Britain to review airspace security after China-U.S. spy balloon incident

Defence and foreign ministers of UK and Italy meet in Rome
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LONDON (Reuters) - Britain will review its security following the incursion of a suspected Chinese surveillance balloon into U.S. airspace earlier this month, Defence Secretary Ben Wallace said.

Prime Minister Rishi Sunak said the government would do "whatever it takes to keep the country safe".

The United States shot down the balloon, which it said was being used to spy on it, and three further flying objects have since been downed by security forces over North America.

Beijing has claimed it was a weather balloon that had blown off course and accused the United States of overreacting.

"The UK and her allies will review what these airspace intrusions mean for our security. This development is another sign of how the global threat picture is changing for the worse," Wallace told the Telegraph.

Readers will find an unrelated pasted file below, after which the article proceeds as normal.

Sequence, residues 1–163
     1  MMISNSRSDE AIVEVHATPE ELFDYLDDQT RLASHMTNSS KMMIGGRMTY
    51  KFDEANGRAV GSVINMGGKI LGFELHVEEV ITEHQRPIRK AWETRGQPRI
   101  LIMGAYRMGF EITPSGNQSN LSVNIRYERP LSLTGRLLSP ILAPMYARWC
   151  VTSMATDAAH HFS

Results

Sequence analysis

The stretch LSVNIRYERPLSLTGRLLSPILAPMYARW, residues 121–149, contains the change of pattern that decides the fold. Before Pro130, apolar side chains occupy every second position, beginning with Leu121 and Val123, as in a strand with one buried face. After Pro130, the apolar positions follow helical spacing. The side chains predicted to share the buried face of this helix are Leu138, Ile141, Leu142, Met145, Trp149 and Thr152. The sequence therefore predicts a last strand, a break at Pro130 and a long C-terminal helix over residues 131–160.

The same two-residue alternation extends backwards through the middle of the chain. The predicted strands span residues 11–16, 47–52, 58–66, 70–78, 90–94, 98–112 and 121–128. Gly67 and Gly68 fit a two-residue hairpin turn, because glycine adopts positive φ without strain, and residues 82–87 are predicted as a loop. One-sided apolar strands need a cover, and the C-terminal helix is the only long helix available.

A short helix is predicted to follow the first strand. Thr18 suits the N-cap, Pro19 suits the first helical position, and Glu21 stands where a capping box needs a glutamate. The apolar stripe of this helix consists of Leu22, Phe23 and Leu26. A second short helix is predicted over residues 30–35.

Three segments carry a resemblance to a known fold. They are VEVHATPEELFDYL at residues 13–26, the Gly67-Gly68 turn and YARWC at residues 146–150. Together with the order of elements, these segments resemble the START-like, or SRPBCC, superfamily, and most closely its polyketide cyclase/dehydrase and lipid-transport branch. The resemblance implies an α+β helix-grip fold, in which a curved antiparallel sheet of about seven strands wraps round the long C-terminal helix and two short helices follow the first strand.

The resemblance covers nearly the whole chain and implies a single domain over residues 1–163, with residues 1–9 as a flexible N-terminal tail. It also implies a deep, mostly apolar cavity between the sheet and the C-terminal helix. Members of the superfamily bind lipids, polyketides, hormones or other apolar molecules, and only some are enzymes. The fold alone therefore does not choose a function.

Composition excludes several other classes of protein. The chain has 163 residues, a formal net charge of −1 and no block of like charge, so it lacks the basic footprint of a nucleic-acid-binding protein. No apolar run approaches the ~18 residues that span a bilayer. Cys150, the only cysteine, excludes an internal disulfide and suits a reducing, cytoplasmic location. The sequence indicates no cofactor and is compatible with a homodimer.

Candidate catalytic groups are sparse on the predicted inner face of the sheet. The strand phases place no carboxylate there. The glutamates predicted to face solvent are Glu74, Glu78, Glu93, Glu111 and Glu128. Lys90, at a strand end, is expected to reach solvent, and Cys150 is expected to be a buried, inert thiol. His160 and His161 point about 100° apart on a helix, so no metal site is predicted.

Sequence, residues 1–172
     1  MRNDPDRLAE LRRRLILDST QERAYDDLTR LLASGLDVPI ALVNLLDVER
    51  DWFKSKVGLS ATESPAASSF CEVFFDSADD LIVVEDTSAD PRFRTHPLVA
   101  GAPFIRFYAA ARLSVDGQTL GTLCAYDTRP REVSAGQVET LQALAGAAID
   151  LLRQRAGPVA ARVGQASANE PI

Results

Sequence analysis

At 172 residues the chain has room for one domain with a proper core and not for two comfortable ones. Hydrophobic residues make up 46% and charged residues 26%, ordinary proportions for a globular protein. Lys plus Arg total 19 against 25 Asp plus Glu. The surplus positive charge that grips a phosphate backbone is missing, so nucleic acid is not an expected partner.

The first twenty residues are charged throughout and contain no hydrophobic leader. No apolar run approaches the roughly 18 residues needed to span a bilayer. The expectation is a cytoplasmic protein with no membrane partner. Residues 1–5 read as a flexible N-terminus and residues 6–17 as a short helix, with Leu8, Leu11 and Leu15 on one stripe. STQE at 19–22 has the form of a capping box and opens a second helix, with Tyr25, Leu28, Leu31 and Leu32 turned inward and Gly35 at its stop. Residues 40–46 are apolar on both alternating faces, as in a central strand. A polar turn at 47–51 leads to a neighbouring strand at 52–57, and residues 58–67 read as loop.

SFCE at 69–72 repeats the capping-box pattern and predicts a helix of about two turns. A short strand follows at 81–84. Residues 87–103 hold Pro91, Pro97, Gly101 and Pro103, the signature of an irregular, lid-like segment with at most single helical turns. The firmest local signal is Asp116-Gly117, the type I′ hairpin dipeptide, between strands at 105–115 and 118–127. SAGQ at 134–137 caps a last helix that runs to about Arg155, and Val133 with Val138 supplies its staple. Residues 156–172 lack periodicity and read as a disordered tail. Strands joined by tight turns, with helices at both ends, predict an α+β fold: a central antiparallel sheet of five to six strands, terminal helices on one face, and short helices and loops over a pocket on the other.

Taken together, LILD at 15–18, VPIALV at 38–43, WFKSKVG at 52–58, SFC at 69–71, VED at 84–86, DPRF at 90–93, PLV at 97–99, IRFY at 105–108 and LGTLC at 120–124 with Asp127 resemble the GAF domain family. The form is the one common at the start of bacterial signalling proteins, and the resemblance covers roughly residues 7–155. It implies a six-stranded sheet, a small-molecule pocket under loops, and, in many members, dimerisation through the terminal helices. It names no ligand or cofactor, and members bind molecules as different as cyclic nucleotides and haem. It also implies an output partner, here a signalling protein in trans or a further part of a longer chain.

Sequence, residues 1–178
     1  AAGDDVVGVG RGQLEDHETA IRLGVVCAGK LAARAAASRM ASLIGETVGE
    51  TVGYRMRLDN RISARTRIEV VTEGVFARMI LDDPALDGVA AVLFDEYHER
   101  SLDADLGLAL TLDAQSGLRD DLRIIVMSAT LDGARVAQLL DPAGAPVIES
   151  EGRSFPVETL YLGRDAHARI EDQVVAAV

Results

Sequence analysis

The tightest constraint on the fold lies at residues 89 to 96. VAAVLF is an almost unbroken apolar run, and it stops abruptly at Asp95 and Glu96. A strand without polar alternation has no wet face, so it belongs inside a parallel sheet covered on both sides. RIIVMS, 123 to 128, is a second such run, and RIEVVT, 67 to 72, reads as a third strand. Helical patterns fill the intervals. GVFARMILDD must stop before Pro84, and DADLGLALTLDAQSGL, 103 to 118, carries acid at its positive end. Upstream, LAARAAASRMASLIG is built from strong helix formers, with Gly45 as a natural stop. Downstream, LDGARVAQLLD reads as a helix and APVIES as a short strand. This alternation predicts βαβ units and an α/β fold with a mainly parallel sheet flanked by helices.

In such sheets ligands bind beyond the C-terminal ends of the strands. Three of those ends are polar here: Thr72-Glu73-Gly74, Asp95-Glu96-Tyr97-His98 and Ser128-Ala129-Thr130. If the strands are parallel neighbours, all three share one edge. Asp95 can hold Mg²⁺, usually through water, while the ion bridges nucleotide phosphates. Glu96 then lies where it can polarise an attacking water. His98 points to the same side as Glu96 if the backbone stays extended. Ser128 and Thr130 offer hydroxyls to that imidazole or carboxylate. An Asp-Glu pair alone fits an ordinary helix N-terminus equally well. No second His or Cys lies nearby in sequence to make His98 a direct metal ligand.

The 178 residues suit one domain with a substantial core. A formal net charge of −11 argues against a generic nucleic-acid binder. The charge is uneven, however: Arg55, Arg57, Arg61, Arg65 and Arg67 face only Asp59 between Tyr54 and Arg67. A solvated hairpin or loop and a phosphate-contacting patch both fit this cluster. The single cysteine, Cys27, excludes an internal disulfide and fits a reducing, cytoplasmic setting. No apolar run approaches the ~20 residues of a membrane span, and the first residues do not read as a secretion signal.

The newspaper reported that the security review would be used to help decide whether changes need to be made to the surveillance of British airspace.

Asked about the UK review during a regular briefing in Beijing, Chinese foreign ministry spokesman Wang Wenbin said: "We have already stated our position on the incident in question. All parties should look at it objectively and stop playing up the issue."

Sunak declined to comment on national security when asked by reporters whether he was aware of any spy balloons being spotted over Britain, but said Britain's capabilities included its Quick Reaction Alert force whose Typhoon jets police UK airspace.

The spectacle of the Chinese balloon drifting over the United States caused political outrage in Washington and brought into sharp focus the challenge posed by China to the United States and its allies.

Asked on Sky News on Monday if it was possible Chinese spy balloons had already been used over Britain, junior transport minister Richard Holden said: "It is possible."

"The government is concerned about what's going on," he said. "China is a hostile state and we need to be aware of that and the way it acts and behaves."

(Reporting by Kylie MacLellan in London, additional reporting by Martin Quin Pollard in Beijing; Editing by Emelia Sithole-Matarise, Mike Harrison and Shounak Dasgupta)